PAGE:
National Night Out blends safety, fun

| October 21, 2014 | 0 Comments
Asah Miller, 2, is reluctant to exit the fire truck despite urging from his mother, Carmen Mller (in the foreground) at Aliamanu Community Center's National Night Out, Oct. 10.

Asah Miller, 2, is reluctant to exit the fire truck despite urging from his mother, Carmen Mller (in the foreground) at Aliamanu Community Center’s National Night Out, Oct. 10.

 

Story and photos by Karen A. Iwamoto
Staff Writer

ALIAMANU MILITARY RESERVATION — As afternoon faded to evening, Oct. 10, parents and children began filing into the Aliamanu Community Center, here, for National Night Out, a family-friendly event that promotes safety awareness at the neighborhood level.

Island Palm Communities, which manages military housing for the Army in Hawaii, had transformed the community center into a mini-fair with booths, games, prizes and balloons.

Kids clambered aboard a fire engine and a Coast Guard boat while parents collected information from police, firefighters, and Army and Coast Guard personnel. Later, they enjoyed a screening of “The Lego Movie” while snacking on popcorn and cotton candy.
IPC organizes National Night Out in North and South Oahu, twice a year, in August and October.

Sheryl Ferido, IPC community service manager, helped to make the event a success.
“It is important to partner with other organizations because we all have a common interest in taking care of our families,” she said.

One thing she wanted the kids to take away from National Night Out was a “sense of community.”

From left: Samantha Sapp, 9, Katherine Sapp 3 (on Samantha's lap), Evan Sapp, 7 and Heather Sapp, their mother.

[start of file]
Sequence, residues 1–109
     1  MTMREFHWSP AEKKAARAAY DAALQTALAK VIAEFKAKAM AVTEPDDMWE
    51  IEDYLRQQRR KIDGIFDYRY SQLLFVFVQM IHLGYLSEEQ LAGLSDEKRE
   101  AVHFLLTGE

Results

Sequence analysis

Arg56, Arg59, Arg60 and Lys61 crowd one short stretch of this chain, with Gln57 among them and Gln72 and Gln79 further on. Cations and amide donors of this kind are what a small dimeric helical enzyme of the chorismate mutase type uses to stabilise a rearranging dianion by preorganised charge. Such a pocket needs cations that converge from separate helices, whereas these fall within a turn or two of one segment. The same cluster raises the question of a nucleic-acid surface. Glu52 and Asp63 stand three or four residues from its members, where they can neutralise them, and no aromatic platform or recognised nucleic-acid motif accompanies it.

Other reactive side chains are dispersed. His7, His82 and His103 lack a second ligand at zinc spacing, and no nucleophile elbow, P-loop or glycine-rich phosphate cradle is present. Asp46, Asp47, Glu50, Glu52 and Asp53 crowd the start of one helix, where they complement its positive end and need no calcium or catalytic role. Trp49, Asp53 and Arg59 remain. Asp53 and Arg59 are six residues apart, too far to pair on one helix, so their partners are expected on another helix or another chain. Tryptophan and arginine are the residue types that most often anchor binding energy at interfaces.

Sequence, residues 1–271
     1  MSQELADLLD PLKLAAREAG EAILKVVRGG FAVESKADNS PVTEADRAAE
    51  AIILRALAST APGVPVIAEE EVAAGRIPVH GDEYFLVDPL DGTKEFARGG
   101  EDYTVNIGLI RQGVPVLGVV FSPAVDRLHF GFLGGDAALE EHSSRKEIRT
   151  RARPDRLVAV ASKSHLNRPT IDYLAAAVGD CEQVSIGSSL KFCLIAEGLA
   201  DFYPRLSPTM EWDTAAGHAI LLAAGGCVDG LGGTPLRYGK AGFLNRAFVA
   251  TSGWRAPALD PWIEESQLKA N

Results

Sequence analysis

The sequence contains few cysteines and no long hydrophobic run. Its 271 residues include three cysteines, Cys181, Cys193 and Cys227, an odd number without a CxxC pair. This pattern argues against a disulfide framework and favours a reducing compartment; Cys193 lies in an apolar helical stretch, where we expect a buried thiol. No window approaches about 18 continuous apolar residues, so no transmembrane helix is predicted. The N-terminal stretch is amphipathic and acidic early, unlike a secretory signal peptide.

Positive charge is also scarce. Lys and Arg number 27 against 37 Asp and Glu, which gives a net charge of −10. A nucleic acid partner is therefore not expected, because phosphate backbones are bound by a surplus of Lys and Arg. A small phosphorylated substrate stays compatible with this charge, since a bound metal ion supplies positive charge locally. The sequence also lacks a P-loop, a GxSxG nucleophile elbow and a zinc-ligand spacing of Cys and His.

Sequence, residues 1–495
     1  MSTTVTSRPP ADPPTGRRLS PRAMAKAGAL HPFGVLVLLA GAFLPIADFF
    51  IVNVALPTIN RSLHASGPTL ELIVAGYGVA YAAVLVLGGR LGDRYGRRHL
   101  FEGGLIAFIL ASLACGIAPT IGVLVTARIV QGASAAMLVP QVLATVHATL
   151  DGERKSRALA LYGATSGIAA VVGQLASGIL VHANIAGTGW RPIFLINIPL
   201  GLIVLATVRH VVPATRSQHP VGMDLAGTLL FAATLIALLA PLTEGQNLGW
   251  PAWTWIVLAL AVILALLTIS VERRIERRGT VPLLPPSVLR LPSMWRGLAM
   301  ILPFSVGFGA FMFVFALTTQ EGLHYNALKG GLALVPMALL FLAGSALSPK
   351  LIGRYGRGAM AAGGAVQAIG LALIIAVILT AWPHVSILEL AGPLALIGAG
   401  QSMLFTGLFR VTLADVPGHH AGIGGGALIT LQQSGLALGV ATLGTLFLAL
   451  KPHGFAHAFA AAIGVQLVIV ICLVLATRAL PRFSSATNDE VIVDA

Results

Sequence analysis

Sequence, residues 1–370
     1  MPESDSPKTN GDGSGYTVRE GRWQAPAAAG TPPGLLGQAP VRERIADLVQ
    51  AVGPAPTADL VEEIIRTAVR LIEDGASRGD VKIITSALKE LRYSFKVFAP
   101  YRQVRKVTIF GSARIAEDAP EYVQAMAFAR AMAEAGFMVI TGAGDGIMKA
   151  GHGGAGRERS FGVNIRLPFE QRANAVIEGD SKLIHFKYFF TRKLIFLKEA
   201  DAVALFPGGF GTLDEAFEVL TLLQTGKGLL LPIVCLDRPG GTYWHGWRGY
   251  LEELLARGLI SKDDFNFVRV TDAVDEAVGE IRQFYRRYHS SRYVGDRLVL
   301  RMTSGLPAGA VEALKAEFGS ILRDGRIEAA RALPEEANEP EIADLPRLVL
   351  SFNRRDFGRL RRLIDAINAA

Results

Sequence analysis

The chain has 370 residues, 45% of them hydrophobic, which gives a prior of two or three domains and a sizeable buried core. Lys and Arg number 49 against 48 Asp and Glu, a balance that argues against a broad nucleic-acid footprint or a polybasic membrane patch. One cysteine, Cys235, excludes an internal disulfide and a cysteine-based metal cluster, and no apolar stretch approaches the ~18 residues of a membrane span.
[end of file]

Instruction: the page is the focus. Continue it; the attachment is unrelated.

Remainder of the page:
From left: Samantha Sapp, 9, Katherine Sapp 3 (on Samantha’s lap), Evan Sapp, 7 and Heather Sapp, their mother.

Angela Sanders, fire inspector with the Federal Fire Department of Hawaii, said kids can do lots of things to keep their community safe.

“One is to never play with matches,” Sanders said. “(Another is to) learn the numbers to all of the emergency services. We stress 911 (for emergencies) to kids as early as possible.”

Sanders said the most rewarding part of participating in National Night Out is when children tell her they have a fire evacuation plan and have practiced it.

“There have been several cases where kids remembered the information they got from us and used it to save their family (from a fire),” she added.

Nine-year-old Samantha Sapp remembered information she learned from firefighters.
“If a fire gets on your clothes, stop, drop and roll,” she explained.

Samantha’s mother, Heather Sapp, a liaison officer at Camp Smith, said she aims to keep her family safe.

“We made sure we had a meeting place in case of a fire, and we keep all the emergency numbers posted,” Heather said. “The older kids know where it is and how to use the phone.

“We talk to them about alerts,” Heather continued. “Like on the news, recently, there was an alert about a man trying to lure kids into a van. We play out (these) scenarios.”

• More Online
For more information about National Night Out, visit natw.org.

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Category: Community, Community Relations, Education, Safety

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